A La Cañada resident is asking Caltrans to increase bicyclist safety along Angeles Crest Highway by replacing missing signage that reminds vehicle drivers to share the road.
In the wake of the recently re-opened highway’s increasing popularity as a route for bicyclists, La Cañadan Trent Sanders emphasized in an email to Dale Benson, Caltrans senior transportation engineer in charge of bicycle and pedestrian safety, the importance of replacing three such signs that burned down in the 2009 Station fire.
Sanders has also requested the placement of new signs advising bicyclists to ride in a single file manner — and even offered to pay for their fabrication and installation himself.
Sanders said he was inspired to start pushing for the increased signage when he read about the arrest in June of La Crescenta resident Earl Clyde Cox for a road rage incident in which he threatened a group of cyclists on the highway with his vehicle.
Sanders added that seeing firsthand how many bicyclists are using the reopened highway was another motivating factor.
“I came down from Clear Creek…to the country club there in La Cañada, and I started counting the number of [bicycle] riders coming up, and there were 57 people,” he said.
Bensonsaid that Caltrans is looking into the issue.
“Our Traffic Investigations Unit is proceeding with an investigation, to not only to look into this issue, but there’s other issues with signing,” said Benson. “Since [the signs] burned down, they may or may not have been replaced. That’s what they’re still working on, and it’s a work in progress.”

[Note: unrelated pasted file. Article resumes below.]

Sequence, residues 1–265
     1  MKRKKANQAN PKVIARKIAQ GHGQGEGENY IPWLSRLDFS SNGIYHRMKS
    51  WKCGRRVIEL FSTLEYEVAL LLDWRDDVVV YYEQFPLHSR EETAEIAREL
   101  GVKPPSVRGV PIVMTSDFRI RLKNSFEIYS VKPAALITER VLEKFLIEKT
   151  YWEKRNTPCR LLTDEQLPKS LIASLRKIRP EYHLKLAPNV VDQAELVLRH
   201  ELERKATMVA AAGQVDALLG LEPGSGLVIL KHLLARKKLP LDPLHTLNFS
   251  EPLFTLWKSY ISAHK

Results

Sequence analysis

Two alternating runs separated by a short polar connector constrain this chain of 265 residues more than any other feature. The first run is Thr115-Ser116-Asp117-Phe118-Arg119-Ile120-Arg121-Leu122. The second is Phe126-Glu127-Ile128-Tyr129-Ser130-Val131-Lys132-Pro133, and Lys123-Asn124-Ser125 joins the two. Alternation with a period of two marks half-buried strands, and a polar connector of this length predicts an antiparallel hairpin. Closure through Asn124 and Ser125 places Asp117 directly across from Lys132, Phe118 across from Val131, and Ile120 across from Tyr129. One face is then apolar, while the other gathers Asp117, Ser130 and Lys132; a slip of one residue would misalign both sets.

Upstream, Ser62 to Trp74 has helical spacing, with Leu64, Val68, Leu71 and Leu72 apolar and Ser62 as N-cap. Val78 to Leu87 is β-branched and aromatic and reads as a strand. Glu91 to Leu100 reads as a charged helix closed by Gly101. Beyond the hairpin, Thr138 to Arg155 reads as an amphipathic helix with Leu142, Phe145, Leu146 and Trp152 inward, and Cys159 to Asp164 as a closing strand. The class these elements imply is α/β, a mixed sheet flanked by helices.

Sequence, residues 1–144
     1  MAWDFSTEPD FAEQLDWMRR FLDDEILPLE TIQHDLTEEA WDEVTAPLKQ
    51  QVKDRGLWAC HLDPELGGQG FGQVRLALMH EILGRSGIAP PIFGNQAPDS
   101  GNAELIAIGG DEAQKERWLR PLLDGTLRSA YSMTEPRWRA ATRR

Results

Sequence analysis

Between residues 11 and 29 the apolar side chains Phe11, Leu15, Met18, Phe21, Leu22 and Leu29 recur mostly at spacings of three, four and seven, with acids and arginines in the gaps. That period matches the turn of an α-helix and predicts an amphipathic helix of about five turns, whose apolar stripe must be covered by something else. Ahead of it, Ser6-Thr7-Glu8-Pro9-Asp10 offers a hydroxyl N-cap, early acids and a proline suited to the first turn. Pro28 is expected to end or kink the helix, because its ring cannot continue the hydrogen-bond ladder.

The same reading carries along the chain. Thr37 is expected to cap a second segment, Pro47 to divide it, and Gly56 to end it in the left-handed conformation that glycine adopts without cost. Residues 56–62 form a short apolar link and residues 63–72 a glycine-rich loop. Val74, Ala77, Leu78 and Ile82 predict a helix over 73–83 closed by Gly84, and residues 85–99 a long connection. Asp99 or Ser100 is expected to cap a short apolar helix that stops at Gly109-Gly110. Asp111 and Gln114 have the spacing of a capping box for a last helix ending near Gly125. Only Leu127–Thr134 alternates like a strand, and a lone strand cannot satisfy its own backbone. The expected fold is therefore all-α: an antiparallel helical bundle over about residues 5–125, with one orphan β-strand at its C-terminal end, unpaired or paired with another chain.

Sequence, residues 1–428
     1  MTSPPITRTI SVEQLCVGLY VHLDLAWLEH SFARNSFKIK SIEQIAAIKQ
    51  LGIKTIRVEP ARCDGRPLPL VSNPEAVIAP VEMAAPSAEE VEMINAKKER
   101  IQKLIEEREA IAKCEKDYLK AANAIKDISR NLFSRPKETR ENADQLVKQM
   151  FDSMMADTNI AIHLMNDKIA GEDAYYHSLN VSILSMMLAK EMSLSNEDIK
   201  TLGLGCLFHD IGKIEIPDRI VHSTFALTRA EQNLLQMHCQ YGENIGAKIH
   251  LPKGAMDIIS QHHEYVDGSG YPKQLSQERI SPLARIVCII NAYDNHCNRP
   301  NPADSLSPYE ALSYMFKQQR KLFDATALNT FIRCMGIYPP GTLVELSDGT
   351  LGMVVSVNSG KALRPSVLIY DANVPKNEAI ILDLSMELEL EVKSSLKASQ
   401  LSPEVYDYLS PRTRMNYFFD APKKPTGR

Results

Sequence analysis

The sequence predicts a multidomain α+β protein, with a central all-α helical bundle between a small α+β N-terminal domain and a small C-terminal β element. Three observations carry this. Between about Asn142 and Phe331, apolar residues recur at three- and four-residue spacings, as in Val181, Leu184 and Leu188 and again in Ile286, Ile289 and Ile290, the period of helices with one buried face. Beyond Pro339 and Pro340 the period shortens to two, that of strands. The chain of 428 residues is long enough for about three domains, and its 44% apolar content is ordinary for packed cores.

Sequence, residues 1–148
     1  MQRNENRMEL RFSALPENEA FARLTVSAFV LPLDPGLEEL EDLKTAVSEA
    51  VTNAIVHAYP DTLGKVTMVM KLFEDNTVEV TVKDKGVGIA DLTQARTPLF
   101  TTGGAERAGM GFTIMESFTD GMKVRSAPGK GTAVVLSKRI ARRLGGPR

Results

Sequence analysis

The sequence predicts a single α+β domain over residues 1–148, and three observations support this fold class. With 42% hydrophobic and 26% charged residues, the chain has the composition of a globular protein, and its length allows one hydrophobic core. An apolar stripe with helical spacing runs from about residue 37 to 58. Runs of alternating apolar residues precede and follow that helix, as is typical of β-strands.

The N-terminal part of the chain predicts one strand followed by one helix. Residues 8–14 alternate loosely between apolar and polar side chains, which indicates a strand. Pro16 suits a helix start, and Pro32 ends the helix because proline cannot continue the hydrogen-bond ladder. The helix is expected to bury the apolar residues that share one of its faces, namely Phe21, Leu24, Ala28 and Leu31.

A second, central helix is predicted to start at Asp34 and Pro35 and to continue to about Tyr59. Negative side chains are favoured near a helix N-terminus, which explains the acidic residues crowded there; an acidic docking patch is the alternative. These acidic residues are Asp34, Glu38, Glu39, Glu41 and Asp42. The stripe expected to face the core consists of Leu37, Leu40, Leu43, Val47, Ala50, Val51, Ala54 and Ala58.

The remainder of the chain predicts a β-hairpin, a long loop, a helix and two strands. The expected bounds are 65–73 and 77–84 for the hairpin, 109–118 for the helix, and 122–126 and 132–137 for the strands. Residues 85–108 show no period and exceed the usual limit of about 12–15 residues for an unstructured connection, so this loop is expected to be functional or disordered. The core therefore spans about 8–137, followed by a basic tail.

When asked about the lost bicyclist safety signs, Caltrans spokesman Patrick Chandler emphasized the agency’s heavy workload in getting the highway reopened, after heavy storms in early 2010 forced its closure for nearly 17 months. .
“I don’t want the fact that we don’t have a few signs there on the road specifically for cyclists, to [make] people think that outweighs all that’s been done,” Chandler said, “because a colossal amount of work has been done just to allow people back on that road.”
Chandler said that Caltrans was planning on placing a total of seven bike signs on the highway, but that there was no estimated completion date for the work.
While Sanders said he wasn’t satisfied with the pace at which Caltrans’ sign replacement is moving, law enforcement officials said the evidence might not support his sense of urgency.
Officer Ming Hsu, CHP public information officer, said that bicyclists have not been involved in any collisions on the highway since it reopened, and that historically they have not been a problem.
In addition to four years experience on the road, Officer Hsu got a close look at the Angeles Crest Highway when he helped complete the proposal earlier this year that got the CHP a grant from the National Highway Traffic Safety Administration for increased patrols.
“When we were looking at this grant proposal, there wasn’t anything indication bicyclists were a problem or an issue or they were getting involved in collisions,” said Hsu.
Hsu said that although the numbers do not support the need for more signs, he wouldn’t want to downplay the importance of motorists looking out for cyclists.